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Posted on in Income Taxes

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If you are among the one in four Americans who received unemployment benefits during the pandemic, the IRS is not taxing the first $10,200 of it. 

Unemployment Benefits Are Generally Taxable

As the IRS states plainly, “[i]f you received unemployment compensation during the year, you must include it in gross income.” Unemployment Compensation, IRS Topic No. 418. Furthermore, “unemployment compensation” explicitly includes not just the usual “state unemployment insurance benefits.” It also includes “Federal Pandemic Unemployment Compensation provided under the . . . CARES Act of 2020.” Unemployment Compensation.

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Posted on in Tax Debts

Try to file bankruptcy before a tax lien gets recorded. But if you can’t, here are the effects of a tax lien under Chapter 7 and 13.

This blog post continues a series about the smart timing of your bankruptcy filing. (It was interrupted by two blog posts updating federal unemployment benefits.) The last in this series was about how good bankruptcy timing prevents you paying certain income tax interest and penalties. We ended with this: “The effect of a tax lien depends on whether the tax at issue qualifies for discharge, and whether you file a Chapter 7 or 13 case.” That’s today’s important topic.

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Chapter 13 gives you huge advantages for paying off your priority income tax debts. You’re protected while you pay what you can afford.


Last week we discussed the advantages of paying priority debts through a Chapter 13 “adjustment of debts” case. We referred to recent income taxes as one of the most important kinds of priority debt. Today we show how Chapter 13 can greatly help you take care of recent income tax debts.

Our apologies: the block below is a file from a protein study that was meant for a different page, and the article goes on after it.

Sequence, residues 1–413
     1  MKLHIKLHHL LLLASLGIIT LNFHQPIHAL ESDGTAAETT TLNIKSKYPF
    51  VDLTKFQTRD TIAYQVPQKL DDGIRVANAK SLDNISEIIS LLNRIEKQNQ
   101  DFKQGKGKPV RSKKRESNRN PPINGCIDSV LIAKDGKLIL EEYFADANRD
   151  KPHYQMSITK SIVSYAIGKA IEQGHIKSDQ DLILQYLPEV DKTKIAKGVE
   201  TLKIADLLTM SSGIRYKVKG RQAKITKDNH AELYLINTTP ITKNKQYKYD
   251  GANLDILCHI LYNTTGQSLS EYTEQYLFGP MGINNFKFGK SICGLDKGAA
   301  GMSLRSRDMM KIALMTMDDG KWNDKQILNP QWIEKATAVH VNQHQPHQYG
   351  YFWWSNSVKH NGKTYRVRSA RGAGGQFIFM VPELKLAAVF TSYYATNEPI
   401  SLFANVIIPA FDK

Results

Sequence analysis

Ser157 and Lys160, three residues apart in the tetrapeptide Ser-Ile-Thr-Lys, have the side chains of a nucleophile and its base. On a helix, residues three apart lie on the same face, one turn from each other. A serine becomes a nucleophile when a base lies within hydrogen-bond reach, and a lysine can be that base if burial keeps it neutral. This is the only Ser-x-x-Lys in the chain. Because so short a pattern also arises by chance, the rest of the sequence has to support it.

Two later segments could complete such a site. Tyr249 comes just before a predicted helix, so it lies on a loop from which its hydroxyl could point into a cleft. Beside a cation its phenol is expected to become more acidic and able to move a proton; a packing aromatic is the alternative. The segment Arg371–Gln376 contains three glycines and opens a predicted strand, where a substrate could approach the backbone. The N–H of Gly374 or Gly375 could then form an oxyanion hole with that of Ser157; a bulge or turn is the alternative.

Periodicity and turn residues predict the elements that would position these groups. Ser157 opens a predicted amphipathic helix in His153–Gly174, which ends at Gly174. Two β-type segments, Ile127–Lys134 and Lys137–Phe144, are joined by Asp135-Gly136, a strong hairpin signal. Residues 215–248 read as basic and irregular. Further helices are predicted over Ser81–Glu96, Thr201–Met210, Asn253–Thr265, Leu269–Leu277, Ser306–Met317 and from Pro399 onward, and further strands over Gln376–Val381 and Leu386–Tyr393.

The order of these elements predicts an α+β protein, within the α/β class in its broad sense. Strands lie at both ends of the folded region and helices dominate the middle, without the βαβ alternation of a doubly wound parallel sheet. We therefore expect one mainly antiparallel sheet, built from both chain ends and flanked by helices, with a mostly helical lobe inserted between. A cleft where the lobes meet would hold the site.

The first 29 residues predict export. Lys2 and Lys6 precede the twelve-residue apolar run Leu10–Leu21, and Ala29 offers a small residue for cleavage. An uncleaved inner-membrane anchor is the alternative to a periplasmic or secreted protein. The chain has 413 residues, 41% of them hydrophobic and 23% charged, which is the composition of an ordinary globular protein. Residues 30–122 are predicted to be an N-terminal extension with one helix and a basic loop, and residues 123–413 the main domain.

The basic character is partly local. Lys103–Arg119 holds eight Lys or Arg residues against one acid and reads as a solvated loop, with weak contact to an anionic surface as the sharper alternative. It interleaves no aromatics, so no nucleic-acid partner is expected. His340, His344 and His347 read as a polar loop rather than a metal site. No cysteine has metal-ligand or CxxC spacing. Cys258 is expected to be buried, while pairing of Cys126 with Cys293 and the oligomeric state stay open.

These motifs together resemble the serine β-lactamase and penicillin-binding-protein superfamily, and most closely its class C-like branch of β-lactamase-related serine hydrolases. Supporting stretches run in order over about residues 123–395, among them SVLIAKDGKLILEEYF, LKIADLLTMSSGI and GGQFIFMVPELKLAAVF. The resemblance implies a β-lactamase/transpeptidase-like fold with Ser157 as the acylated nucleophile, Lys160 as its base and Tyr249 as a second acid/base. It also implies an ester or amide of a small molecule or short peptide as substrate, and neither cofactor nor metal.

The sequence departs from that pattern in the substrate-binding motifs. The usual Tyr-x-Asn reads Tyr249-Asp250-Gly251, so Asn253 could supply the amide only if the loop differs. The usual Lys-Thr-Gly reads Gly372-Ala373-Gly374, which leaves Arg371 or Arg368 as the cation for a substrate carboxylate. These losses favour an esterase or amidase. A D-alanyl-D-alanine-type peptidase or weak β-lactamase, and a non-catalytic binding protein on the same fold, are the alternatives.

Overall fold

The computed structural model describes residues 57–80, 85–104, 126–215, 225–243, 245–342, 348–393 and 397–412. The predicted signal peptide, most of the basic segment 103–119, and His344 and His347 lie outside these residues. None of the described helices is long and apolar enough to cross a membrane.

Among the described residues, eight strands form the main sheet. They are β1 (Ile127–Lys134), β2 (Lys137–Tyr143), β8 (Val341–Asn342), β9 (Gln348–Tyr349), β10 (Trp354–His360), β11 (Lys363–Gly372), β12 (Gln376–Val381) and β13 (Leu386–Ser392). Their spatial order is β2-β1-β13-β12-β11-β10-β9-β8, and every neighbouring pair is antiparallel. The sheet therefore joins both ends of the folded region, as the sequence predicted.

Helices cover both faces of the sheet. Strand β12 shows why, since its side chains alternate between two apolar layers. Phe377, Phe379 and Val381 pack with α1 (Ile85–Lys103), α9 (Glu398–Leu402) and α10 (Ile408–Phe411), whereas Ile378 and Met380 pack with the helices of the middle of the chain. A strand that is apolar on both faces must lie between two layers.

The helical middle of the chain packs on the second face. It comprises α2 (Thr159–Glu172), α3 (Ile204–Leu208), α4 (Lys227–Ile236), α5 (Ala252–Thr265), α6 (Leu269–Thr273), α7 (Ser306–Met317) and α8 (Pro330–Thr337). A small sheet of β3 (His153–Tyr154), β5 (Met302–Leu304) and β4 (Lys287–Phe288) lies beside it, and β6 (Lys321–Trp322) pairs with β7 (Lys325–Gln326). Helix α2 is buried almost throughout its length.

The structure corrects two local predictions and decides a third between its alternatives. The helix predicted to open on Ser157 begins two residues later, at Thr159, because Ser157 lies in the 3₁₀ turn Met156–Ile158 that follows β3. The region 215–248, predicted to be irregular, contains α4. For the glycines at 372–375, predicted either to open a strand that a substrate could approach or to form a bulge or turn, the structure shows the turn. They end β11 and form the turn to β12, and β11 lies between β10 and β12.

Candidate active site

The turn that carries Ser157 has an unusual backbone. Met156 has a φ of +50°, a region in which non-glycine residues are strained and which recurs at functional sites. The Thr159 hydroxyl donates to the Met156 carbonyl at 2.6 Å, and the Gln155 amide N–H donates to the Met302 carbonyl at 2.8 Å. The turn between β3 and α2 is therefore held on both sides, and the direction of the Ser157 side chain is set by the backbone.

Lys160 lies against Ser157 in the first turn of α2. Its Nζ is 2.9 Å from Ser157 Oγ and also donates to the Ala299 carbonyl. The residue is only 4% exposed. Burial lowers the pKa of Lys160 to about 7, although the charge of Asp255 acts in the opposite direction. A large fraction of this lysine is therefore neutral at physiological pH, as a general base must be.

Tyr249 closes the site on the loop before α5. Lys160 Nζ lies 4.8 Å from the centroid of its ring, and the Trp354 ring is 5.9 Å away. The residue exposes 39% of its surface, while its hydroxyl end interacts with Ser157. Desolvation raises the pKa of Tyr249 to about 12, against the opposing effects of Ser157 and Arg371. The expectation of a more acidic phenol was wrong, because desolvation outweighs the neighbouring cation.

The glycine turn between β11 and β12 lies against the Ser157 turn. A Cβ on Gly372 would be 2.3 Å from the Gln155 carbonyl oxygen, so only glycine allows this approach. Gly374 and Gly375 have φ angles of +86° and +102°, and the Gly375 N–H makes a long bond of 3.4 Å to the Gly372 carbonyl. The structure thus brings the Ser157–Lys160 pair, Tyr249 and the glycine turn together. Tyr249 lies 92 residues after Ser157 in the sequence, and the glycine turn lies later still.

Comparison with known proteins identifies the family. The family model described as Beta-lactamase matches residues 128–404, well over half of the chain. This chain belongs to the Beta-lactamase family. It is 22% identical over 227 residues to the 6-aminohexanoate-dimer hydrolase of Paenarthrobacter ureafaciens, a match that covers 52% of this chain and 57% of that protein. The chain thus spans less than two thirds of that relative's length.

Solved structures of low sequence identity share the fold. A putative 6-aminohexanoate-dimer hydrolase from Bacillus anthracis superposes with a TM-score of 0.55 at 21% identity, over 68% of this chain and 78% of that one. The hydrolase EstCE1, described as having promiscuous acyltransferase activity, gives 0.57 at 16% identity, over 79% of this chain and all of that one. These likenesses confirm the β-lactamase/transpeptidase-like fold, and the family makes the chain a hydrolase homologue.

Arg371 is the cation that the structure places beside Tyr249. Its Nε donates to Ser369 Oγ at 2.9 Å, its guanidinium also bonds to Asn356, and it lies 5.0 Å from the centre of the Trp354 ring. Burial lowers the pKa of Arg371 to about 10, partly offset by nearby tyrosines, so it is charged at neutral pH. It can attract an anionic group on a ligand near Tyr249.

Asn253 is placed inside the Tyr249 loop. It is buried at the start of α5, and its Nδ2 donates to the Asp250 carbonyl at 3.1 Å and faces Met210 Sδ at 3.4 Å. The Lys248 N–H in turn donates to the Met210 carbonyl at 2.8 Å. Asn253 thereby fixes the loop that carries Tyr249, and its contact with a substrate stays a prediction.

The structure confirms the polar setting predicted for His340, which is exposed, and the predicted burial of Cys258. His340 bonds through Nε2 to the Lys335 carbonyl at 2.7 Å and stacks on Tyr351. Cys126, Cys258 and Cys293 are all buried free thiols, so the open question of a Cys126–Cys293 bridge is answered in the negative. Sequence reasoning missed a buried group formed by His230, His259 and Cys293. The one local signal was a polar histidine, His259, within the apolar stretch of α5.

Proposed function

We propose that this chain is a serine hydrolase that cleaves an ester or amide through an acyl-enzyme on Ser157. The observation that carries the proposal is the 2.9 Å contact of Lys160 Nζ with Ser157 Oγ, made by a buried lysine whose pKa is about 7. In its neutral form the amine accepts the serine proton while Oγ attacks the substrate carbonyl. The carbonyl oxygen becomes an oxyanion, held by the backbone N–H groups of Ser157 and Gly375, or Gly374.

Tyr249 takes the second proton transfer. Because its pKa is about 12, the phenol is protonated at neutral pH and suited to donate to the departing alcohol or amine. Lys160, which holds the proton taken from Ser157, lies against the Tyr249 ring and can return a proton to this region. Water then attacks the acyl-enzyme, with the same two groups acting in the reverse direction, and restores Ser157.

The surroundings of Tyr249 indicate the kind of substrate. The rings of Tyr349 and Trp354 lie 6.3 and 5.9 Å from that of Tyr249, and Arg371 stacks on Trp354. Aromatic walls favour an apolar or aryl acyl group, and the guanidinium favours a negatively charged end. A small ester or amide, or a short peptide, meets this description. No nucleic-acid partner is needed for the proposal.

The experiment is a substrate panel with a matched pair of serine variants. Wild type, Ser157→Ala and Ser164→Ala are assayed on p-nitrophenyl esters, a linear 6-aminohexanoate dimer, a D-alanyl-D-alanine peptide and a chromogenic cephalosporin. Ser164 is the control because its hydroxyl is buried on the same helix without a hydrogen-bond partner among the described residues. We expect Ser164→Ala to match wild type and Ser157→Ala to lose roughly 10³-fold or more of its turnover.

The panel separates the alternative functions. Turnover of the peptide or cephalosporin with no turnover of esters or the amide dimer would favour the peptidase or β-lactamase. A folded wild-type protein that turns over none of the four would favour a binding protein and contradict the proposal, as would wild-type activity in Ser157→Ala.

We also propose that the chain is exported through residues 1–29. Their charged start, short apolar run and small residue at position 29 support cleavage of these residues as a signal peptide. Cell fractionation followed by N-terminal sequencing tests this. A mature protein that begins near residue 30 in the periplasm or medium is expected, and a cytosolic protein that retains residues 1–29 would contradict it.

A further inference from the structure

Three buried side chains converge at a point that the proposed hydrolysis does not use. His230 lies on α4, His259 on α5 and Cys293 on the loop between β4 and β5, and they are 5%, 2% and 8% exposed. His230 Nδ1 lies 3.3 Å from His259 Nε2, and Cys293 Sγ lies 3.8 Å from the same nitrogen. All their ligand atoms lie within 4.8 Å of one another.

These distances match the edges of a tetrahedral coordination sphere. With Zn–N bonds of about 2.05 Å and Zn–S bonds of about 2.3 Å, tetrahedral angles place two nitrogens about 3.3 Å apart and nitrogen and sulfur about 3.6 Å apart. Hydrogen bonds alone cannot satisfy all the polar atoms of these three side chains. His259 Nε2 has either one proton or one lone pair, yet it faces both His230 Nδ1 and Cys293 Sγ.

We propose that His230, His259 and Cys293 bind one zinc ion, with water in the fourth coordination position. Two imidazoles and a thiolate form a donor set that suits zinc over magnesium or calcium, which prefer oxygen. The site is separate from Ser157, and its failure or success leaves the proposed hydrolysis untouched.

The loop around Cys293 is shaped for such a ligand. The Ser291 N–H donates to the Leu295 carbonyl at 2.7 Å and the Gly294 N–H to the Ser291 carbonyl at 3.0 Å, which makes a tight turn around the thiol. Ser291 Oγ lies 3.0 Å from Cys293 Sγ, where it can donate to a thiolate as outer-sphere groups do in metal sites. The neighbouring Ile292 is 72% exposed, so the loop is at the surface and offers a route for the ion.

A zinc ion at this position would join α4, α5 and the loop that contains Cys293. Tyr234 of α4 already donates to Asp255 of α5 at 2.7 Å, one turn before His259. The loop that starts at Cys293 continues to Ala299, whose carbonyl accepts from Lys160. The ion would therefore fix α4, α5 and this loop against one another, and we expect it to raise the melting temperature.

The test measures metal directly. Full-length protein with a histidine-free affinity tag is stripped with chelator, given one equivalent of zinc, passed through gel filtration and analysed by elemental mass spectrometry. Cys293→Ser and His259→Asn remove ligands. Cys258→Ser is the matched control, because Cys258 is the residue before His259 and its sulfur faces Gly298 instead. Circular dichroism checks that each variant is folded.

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Posted on in Chapter 13

Chapter 13 gives you some huge advantages over Chapter 7 for paying your priority debts. You’re protected while you pay what you can afford.


Priority Debts under No-Asset and Asset Chapter 7

Our last two blog posts described how Chapter 7 can sometimes be a sensible way of dealing with priority debts. (Those are ones you can’t “discharge”—legally write off, the most common being recent income taxes and child/spousal support.) Our blog post two weeks ago: a no-asset Chapter 7 case discharges all or most of your other debts. So then afterwards you can better afford to pay your priority ones. Last week: in an asset Chapter 7 case your bankruptcy trustee collects your unprotected asset(s). He or she then pays part or all of your priority debt out of the proceeds from selling those asset(s).

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Posted on in Chapter 7

Your Chapter 7 trustee may pay your priority debts—in full or in part—through the proceeds of the sale of your unprotected, not exempt assets.


Our last blog post was about what happens to priority debts in a no-asset Chapter 7 case. Most consumer “straight bankruptcy” Chapter 7 cases are no-asset ones. This means that the bankruptcy trustee does not take anything from the debtor because everything is protected, “exempt.” The trustee does not take and liquidate any assets, and has nothing—no assets—to distribute to the debtor’s creditors. That’s a no-asset Chapter 7 case.

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